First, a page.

Review of ‘Concrete Rose’, by Angie Thomas—Book Club Contender
A big part of the anti-racism activism I am involved in requires having a lot of conversations, during which I attempt to answer the same questions again and again (or find resources that will help me answer the questions). One of the questions I find myself discussing again and again came back to the forefront just last week, with the passing of DMX: Black people are “much more likely to be involved in a life of gangs and drugs” and they are “unwilling to let it go because of the amount of money they make”. Such attitudes are steeped in ignorance and in racism-enable tunnel-vision that refuses to investigate reality, to put the time to understand the complexity of the context, on top of the complexity of the situation of each individual. Concrete Rose offers the opportunity to explore one of these stories of a Black person involved in drugs and gangs, that of Maverick Carter, seventeen years before the events in the book The Hate You Give. Concrete Rose is as well-written and engaging as all Angie Thomas’ other titles. It is just as heartbreaking and hard to read—how can the difficulties the characters face, difficulties that wouldn’t exist if, you know, racism didn’t exist, and justice was the foundation of everything—but also inspiring and heart-warming. For already existing fans of the work, I feel like an important role we can take, especially if you are also involved in antiracism work, is to offer this book to friends, then make sure to have follow-up conversations, using the book to break some of the misconceptions standing in the way of creating a racism-free world. For the same reason, I feel like this could be a great book for a book club. However in both cases, much care has to be put into not making Maverick’s story the story of all Black men; his experience is as unique as he is. We also need to put much care to avoid slipping into the argument that Maverick is “one of the good ones”. It’s also important not to fall into any of the other simplifying, one-line “explanations” as to how Maverick got himself into a pickle and how he got out of it. Concrete Rose is a great way to further one’s understanding of the effects of long-standing systemic racism in the United States, and creating a space where misconceptions can be undone.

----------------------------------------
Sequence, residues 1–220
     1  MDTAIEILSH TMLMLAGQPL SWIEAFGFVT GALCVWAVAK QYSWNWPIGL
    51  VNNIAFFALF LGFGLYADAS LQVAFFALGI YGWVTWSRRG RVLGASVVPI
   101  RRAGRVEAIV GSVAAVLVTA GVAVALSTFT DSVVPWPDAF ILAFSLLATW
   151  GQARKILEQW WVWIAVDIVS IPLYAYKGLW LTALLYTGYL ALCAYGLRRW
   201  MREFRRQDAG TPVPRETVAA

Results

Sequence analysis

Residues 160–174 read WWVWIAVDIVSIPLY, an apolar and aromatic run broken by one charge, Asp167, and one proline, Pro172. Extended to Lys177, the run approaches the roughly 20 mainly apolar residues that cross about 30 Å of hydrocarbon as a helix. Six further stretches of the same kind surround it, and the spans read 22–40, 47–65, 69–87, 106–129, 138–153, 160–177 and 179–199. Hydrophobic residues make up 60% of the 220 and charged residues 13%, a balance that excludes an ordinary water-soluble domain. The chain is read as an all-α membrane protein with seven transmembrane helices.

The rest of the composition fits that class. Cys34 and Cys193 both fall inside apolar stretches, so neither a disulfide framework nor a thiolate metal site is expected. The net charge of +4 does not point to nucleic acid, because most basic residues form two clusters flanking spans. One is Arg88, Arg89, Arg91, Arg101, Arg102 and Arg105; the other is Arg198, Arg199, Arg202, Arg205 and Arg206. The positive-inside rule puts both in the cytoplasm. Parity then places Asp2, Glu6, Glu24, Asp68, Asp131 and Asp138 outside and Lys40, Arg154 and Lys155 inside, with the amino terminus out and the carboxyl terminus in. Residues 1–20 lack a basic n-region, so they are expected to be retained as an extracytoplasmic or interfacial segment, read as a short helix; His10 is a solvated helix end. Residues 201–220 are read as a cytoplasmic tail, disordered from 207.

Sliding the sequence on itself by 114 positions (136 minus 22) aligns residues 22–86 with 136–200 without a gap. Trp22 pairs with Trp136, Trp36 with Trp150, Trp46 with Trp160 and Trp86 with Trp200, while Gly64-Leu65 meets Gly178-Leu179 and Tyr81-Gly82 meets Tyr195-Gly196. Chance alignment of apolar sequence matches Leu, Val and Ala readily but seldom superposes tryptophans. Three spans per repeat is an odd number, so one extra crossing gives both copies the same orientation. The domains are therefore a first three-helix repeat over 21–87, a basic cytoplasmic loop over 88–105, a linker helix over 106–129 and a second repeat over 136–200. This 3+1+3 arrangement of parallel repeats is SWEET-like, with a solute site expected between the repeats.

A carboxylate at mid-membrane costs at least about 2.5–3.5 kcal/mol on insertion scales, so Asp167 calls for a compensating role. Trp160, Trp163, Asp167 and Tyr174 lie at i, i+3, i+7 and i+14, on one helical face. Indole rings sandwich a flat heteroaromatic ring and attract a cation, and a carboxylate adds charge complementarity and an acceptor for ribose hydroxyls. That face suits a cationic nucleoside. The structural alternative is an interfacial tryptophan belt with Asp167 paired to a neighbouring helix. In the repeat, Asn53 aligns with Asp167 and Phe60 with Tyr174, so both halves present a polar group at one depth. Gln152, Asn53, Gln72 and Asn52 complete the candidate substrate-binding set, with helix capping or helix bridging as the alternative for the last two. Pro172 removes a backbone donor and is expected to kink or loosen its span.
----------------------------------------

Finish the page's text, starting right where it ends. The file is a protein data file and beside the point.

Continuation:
Review of ‘We Had A Little Real Estate Problem’, by Kliph Nesteroff
“You’re not bad guys but you profited because of bad guys.” As someone who is (very humbly) involved in anti-Black activism, this quote popped off the pages of this book—as did many, many others. Through the story of Native American stand-up comedy, the world of anti-Indigenous racism come roaring in. The title of the book is based on a joke part of Charlie Hill’s famous stand-up routine: “My people are from Wisconsin. We used to be from New York. We had a little real estate problem.” While the faces of mainstream comedy currently are, for the most part, still white cis men, and not many people could name Native American comedians, this book highlights their contributions to advancing stand-up comedy as an art form, despite the lack of representation and the entertainment industry’s constant and degrading microaggressions towards Native Americans. The story starts as far back as in the late 1800s; a line is drawn for us from the Native Americans forced into touring in “wild west” shows instead of going to prison, all the way to current day Native American troops (and a big side note on the misconception of the “silent brooding Native American man staring into the distance”), “We Had a Little Real Estate Problem” is not just a tribute to the legacy of Native American stand-up comedy, but also a call to action to all non-Natives to get to critically look at the lack of representation as well as the inappropriateness of most representation of Native Americans in mainstream culture.
Review of ‘Beach Read’, by Emily Henry